by Florian Sohnke
On 13 May 1981, as the Pontiff’s motorcade returned to the Vatican in an automobile without the protective cover of bulletproof glass, few suspected the events that would unfold. As the motorcade slowed to permit the Pontiff to greet throngs of admirers, among the crowd stood a Turkish gunman, Mehmet Ali Agca, who carefully viewed his quarry draw closer into his range. Agca, a Turkish ex-convict with a string of violent crimes to his name, and known for his affiliation with the Turkish ultra-nationalist “Grey Wolves” political organization, held connections with Bulgarian intelligence officials.
As the motorcade neared Agca’s perch, Agca raised a 9mm Browning Hi-Powered pistol and fired four shots in the direction of the Pontiff. As the sudden burst of gunfire scattered the crowd, the Pontiff slumped forward, critically injured by two bullets which pierced his abdomen, while the two others struck the Pope in the arm and finger.
In the ensuing melee, Agca feebly attempted to escape and relieved himself of the tool of his attempted assassination, recklessly casting it under a truck. Agca’s attempt to evade escape immediately collapsed: He was tackled by Vatican security agents and a handful of spectators, including a nun, and arrested.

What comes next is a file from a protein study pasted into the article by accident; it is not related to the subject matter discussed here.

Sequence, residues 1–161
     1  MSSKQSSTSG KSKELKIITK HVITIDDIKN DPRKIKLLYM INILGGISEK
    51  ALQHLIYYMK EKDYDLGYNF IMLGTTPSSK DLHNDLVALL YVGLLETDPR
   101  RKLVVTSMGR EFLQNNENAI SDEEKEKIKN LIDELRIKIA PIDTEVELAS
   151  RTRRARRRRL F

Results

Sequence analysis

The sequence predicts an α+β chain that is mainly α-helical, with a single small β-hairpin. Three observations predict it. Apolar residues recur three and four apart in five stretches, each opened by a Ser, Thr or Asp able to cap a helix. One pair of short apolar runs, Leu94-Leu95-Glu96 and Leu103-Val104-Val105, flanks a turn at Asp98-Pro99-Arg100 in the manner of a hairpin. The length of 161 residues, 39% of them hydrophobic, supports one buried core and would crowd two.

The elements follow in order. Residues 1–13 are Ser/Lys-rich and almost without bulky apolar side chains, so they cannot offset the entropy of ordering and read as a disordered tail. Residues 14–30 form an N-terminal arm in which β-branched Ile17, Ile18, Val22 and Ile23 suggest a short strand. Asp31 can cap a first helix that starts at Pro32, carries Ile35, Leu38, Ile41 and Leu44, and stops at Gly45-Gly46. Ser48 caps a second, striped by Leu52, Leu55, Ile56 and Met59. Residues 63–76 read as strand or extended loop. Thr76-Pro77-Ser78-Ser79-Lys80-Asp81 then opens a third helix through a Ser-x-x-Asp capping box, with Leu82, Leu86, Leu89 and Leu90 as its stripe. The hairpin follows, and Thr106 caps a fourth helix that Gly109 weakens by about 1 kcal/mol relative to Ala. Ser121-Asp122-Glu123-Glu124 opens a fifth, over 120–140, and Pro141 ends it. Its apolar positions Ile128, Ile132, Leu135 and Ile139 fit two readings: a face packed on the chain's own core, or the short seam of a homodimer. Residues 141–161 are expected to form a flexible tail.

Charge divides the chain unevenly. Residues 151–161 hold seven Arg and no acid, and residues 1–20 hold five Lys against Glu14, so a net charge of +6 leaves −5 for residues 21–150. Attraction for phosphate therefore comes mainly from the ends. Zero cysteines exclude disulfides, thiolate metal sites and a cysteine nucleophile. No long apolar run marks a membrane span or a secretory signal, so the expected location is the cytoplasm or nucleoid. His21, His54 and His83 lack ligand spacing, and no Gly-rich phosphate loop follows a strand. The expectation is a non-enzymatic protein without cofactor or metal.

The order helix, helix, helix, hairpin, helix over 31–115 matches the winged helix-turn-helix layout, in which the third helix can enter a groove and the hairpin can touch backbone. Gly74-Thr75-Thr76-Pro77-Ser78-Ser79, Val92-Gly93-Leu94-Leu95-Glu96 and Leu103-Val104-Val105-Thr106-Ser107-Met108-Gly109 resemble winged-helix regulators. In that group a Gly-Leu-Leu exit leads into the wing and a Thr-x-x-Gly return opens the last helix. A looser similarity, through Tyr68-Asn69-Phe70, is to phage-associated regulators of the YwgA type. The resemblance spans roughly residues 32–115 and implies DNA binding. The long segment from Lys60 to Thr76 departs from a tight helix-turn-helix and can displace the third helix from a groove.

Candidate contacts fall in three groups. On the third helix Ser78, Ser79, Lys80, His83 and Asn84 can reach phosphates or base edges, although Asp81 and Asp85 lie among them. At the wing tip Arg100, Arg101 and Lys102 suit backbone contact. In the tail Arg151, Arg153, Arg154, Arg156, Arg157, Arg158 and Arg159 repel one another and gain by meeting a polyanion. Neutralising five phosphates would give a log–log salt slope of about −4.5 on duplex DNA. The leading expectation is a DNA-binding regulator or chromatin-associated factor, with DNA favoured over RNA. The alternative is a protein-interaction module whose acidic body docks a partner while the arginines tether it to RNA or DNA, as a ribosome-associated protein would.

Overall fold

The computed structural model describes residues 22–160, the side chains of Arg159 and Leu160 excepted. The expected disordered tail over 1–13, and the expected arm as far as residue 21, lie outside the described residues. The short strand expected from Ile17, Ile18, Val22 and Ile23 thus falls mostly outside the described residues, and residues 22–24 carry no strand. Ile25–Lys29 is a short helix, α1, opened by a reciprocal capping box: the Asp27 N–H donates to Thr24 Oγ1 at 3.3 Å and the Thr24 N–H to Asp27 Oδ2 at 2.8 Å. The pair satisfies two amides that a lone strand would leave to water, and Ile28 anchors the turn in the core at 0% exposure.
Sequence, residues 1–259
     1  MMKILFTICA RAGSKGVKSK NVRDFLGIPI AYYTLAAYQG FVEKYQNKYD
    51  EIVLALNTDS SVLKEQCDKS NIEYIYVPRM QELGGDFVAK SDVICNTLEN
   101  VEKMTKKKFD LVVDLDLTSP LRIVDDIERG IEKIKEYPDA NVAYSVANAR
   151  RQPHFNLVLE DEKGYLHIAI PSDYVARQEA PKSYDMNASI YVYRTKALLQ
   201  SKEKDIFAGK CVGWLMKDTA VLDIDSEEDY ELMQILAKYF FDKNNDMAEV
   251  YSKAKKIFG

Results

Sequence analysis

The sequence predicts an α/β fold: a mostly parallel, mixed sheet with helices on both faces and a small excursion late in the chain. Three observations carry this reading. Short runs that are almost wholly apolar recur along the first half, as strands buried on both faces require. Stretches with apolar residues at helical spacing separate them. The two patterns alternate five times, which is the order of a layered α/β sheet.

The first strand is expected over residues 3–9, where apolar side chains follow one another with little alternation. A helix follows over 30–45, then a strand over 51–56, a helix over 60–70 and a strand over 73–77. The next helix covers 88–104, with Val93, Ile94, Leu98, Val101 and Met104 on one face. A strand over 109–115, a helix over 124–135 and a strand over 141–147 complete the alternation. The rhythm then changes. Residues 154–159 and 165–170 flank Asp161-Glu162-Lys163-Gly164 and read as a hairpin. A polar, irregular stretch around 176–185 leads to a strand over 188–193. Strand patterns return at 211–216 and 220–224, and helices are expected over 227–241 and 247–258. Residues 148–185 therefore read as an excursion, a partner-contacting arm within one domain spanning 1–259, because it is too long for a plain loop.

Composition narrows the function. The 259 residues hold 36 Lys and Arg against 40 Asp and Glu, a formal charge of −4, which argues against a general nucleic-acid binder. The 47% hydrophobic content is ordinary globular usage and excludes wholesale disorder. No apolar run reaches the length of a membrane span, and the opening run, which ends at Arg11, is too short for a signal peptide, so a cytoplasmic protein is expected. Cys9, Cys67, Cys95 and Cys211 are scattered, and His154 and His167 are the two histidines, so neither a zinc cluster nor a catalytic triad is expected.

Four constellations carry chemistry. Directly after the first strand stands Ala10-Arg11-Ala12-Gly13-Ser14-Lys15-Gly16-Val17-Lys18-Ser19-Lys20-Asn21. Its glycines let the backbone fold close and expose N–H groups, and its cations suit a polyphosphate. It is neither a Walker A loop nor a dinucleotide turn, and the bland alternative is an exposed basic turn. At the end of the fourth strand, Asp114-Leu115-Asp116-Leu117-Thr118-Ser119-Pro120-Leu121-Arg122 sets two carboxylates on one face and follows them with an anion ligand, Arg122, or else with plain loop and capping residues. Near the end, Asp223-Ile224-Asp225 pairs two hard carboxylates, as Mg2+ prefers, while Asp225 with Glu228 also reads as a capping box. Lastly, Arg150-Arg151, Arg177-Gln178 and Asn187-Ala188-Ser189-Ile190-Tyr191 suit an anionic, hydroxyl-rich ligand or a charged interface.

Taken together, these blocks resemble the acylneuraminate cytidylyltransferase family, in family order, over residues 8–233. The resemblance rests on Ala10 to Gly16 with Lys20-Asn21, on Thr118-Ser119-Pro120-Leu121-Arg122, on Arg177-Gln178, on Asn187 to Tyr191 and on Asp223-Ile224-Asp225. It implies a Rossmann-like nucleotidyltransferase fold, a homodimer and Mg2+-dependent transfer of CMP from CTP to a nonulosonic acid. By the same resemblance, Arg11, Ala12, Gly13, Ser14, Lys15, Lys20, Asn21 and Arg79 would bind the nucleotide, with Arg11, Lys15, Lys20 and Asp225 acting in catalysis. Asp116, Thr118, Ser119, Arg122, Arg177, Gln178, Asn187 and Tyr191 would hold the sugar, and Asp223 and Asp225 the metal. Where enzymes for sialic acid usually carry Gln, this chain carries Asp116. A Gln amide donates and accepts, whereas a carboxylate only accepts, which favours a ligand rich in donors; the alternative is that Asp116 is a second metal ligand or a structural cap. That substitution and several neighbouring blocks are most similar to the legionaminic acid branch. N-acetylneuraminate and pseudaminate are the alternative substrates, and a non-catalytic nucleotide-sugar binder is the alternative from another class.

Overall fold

Despite two serious wounds to his abdomen, thankfully, and mercifully, the Pontiff recovered. Shortly after, the Pope demonstrated what makes one Pope – personal angelic kindness and the infinite power of forgiveness – and issued a worldwide appeal to Catholics to pray for Agca. In 1983, the Pontiff visited Agca in the Italian prison in which he was held, prayed with him, and eventually met with members of Agca’s family.
Despite numerous theories, some of which never stood up to scrutiny, in the investigation which proceeded, Italian officials extracted a confession from Agca which implicated Bulgarian State Security, and, by extension, darkly hinted the Soviet KGB had a sinister hand in the extended plot. According to the Bulgarian theory, the strongest one to date, the KGB charged East German Intelligence Services, the Stazi, and Bulgarian State Security, the CSS, to assassinate the Pope in retaliation for the Pope’s involvement in promoting anti-communist upheaval through Catholicism in Poland.
In face of the intersecting secrets in the dark world of espionage, particularly during the Cold-War era, it is likely the assassination attempt would have benefited the Kremlin and Eastern-Bloc nations, but beyond the involvement of Bulgarian intelligence operatives, nothing has been definitively established.
Agca was released from Italian custody, deported to Turkey, where he was imprisoned for a 1979 murder of a Turkish journalist. He is now a free man.